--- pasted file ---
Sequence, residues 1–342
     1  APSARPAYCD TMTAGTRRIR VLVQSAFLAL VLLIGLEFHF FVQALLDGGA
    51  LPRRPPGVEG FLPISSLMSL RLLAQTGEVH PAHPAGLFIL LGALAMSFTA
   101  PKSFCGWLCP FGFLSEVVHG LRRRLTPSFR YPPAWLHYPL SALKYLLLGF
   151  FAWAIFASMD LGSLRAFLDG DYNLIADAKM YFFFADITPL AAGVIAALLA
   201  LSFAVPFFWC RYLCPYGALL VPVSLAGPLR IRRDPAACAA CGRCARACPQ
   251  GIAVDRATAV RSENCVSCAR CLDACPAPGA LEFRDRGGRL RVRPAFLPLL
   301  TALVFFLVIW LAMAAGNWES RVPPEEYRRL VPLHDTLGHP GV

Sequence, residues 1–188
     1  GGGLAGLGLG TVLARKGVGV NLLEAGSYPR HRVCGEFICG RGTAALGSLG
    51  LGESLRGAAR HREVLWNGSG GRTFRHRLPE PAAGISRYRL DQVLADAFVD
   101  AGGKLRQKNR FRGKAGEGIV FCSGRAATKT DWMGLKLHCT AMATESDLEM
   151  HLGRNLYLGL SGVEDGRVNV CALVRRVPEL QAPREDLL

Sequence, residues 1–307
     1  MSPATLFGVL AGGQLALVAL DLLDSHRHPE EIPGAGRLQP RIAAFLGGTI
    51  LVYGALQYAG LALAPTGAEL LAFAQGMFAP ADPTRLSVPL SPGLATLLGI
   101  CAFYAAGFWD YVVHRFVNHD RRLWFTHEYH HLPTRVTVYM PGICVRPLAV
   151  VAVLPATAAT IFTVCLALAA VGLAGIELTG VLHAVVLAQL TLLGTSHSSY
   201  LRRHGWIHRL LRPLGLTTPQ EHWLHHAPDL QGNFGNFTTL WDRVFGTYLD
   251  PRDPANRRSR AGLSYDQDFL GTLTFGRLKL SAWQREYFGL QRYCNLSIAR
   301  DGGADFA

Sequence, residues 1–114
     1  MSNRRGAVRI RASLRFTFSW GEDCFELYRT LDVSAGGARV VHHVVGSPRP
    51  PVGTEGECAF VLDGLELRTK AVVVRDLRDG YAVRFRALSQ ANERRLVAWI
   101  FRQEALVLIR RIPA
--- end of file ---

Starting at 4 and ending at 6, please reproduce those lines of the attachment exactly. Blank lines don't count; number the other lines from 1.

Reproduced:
   101  PKSFCGWLCP FGFLSEVVHG LRRRLTPSFR YPPAWLHYPL SALKYLLLGF
   151  FAWAIFASMD LGSLRAFLDG DYNLIADAKM YFFFADITPL AAGVIAALLA
   201  LSFAVPFFWC RYLCPYGALL VPVSLAGPLR IRRDPAACAA CGRCARACPQ